Early in the film, Linda (Phoebe Cates) says she had sex when she was 13 and "it's no big thing." Then she references having a fiancé in Chicago. She's painted almost immediately as a sort of de facto expert on sex, but the film version is a bit simplistic. There is little more to Linda than sex. She is the guide for Stacy into being sexually active and she is later the sexual object for Brad (and for us). Oddly enough, she never has sex during the film and matters very little to the plot after the pool scene.
There's more to her in Crowe's script (not sure of the draft, found it online). When Stacy tells her that Ron (the guy to which she loses her virginity...
Which brings me to an interesting point. I actually had to pause on that phrasing--"loses her virginity." And, then came a google ngrams graph--"his virginity" versus "her virginity" because I was curious and the internet is awesome.
At first, those results surprised me. I initially interpreted it as female virginity not being a concern but I think that graph shows the opposite, actually. Because it is a concern, we protect it and don't talk about it. But, boys... young men sowing their wild oats--that's so... accepted that it gets talked about. It's allowed, it's expected. I mean, look at Brad in this film--I'd say Damone, but that's too obvious--he's not a virgin, but he wants to be with other girls because his girlfriend of two years just doesn't put out often enough... And, I'm a little annoyed at myself for using the phrase "put out." I mean, I am trying to get into the mode of these boys in this time and this place, but there is something a little fucked up--(and, this blog has included more profanity already this month--something about these high school movies, I guess)
--about the expectation that she has to. Sure, sex is nice, and in a relationship it's fairly important, but Brad "is a senior now... a single and successful guy" so he needs his "freedom"? That just plays wrong. I think it's deliberate. Look at the trajectory of Brad's story. He loses one job, quits another, quits another... He and Lisa break up and he fantasizes about his little sister's friend and gets caught doing so. While he does a pretty good job with the hold up at the end of the film, he's presented matter-of-factly, not as pathetic, not as a role model. He's focused on sex, but the film does not really tell us that is good and somewhat implies the opposite. Then again, the film also presents us with girl's asses in jeans in the arcade in the opening montage and focuses on a girl who is obviously wearing no bra under her "Kill Lincoln" shirt before the big game.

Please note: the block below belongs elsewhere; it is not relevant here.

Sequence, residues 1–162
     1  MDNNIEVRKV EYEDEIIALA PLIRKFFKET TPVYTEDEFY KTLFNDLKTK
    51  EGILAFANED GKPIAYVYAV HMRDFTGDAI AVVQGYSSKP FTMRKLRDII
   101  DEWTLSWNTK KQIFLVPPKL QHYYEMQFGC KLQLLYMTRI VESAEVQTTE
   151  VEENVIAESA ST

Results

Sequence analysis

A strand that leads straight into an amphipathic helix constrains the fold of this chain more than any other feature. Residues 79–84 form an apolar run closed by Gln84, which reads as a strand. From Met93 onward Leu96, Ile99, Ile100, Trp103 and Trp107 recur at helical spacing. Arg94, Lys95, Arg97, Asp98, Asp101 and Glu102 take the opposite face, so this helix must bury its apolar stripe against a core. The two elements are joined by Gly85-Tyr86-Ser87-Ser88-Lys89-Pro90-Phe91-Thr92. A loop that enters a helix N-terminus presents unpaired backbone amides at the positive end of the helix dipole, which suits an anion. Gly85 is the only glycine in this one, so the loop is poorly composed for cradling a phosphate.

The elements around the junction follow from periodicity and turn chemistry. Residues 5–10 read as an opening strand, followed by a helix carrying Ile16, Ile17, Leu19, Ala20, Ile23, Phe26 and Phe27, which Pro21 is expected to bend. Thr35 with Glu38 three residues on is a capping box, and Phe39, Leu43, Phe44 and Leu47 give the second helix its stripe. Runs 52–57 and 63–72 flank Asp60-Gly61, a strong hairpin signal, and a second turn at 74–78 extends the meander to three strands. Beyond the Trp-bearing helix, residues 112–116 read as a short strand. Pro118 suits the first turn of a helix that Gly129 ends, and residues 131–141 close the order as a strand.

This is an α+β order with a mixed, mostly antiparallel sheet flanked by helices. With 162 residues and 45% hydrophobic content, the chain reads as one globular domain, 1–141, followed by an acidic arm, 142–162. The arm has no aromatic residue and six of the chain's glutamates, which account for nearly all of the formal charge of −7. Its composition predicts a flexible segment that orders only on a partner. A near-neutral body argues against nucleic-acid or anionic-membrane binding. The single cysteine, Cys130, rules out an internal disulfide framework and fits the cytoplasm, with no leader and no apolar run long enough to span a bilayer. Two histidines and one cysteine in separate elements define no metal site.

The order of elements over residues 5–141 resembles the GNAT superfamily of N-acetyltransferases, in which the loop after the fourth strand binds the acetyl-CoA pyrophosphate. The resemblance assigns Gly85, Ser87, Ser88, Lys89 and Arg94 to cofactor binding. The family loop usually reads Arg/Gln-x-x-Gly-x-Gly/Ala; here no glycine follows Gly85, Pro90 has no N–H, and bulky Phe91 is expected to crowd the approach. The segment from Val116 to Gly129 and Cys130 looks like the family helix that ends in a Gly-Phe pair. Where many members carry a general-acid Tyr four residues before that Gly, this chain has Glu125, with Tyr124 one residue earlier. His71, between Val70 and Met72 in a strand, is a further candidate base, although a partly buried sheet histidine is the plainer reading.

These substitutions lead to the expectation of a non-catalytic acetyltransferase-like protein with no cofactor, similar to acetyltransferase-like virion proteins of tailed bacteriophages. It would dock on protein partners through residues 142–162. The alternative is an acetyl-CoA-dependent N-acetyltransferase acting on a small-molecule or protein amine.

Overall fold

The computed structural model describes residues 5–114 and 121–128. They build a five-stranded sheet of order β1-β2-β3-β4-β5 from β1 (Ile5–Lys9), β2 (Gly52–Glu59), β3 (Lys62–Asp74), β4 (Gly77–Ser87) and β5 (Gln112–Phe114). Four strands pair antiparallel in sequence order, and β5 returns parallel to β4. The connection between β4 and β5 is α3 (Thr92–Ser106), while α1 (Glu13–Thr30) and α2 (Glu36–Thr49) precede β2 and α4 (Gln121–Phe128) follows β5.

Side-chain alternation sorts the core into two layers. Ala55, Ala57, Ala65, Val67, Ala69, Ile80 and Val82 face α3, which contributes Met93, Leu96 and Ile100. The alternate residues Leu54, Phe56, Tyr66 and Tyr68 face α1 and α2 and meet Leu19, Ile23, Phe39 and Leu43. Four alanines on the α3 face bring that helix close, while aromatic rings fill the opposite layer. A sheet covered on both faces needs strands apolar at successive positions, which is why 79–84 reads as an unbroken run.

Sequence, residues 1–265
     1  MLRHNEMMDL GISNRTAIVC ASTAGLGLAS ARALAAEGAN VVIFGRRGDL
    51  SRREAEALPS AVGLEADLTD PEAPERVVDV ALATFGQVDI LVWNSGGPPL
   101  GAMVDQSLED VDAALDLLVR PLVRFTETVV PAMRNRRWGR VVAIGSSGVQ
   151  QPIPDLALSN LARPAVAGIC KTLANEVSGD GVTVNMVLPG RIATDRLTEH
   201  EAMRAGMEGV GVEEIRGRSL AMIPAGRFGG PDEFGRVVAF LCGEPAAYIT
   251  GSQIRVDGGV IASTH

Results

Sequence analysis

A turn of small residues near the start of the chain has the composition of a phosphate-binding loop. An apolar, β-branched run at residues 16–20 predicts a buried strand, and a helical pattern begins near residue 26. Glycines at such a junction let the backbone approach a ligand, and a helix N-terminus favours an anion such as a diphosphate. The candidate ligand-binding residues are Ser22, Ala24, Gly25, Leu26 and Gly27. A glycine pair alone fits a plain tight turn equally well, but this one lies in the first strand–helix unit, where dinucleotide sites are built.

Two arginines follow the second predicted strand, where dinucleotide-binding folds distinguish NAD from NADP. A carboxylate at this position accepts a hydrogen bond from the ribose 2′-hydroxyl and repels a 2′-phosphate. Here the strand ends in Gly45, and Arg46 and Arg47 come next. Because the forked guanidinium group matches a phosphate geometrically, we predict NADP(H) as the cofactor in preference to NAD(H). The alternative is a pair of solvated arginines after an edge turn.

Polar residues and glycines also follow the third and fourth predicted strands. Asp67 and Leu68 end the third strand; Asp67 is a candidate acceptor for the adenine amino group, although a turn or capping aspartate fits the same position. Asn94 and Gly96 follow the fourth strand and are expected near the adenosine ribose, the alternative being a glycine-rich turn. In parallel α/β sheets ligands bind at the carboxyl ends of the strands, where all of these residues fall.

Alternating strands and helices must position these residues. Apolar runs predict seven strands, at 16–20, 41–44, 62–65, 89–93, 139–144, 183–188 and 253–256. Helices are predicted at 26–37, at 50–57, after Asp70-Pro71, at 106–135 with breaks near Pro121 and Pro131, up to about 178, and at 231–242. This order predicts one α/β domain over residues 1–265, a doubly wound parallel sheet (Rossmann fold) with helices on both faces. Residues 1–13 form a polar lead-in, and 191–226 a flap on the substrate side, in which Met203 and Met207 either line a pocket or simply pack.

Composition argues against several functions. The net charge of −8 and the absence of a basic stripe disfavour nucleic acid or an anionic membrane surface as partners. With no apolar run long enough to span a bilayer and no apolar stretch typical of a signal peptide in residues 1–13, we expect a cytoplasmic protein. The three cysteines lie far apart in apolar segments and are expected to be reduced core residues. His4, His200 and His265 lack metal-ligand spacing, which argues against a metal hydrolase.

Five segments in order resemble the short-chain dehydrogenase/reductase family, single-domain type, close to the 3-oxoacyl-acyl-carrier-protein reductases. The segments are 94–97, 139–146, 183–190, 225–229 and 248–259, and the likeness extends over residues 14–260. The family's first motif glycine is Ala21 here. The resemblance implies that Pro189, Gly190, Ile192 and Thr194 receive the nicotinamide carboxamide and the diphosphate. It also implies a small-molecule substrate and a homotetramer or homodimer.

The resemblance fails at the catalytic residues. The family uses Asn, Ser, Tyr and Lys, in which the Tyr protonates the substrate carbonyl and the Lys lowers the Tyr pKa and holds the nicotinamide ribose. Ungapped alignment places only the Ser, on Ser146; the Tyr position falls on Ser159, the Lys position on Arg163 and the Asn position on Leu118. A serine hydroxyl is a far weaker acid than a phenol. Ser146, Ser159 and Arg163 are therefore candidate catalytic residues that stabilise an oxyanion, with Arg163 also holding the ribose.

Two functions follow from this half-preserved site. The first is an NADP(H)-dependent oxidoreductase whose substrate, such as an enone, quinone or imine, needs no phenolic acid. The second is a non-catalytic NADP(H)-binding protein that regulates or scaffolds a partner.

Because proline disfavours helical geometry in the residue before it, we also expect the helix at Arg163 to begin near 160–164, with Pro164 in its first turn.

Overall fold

The film does present both genders... And God damn it, I don't want to imply that there are only two. But, the film does present us with two, and both of them are obsessed with, well, sex. A particularly evocative bit during the second montage involves lockers. First, Stoner Bud (Eric Stoltz) kisses the photo of two bottomless girls in his locker, then Cindy (Kelli Maroney) is seen preening herself before a mirror inside her locker. They are both fixated on the female appearance. And, the fixation suggests the mating dance we see on display all over this film.
Ebert complains that Stacy (Jennifer Jason Leigh), after "contain[ing] so much life and light and [being] a joy to behold... is invited to plunge into offensive vulgarity." "She's curious about sex," he writes, "so the script immediately turns her into a promiscuous sex machine who will go to bed with anybody." My complaint about his complaint is twofold: 1) she has sex with Ron and Damone and seems willing to have sex with Mark. If that is promiscuous, I weep for early 80s teenagerhood. Or, at least, what adults thought of them. 2) Perhaps Ebert was so preoccupied with being offended by the sexual frankness of the film that he didn't notice that it covers an entire school year. Having sex with two (and a half) people in 9 months does not seem promiscuous. Hell, even in a world where the rates of teenage sex have been falling, that doesn't sound high to me. Stacy is 15. As of 2014, only 16% of teens have sex by that age. 33% by 16, 48% by 17, 61% by 18 and 71% by 19. With little difference by gender (Guttmacher). In 1988, 67% of women age 15-44 (nice, wide range there, researchers), 58% of teenage females, who had had intercourse reported having two or more partners (Forrest & Singh). So, Stacy is normal.
Useful comparison, by the way, if you want to get into issues of right or wrong or whatever: in 1982 only 48% of females, 15-19 years old reported use of contraceptives during their first sexual intercourse. 2006-2010, that was up to 78% (Guttmacher).
Ebert's point-of-view is unfortunately representative of too many people. "Why does someone as pretty as Leigh have to have her nudity exploited in shots where the only point is to show her ill-at-ease," he asks. My complaints here will not be numbered. The idea that he has to define her by her prettiness is the initial problem. Then, the presumption that her nudity can only be "exploited" or that it has been exploited simply because he doesn't approve of the realism... It frustrates me that he seems to get the point but because he does not like said point, some disservice has been done for and by Leigh.
But, I was meaning to tell you about Linda... and the film is ending.
And I think I was still in some parenthesis, so...)
Let's backtrack. In the early scene in which Stacy tells Linda that Ron gave her his card, in the film version, the conversation is short and it presents us with a slightly different Linda than the script.
But, I will get to that tomorrow. The credits are rolling and I have a feeling the topic will not drift far all week.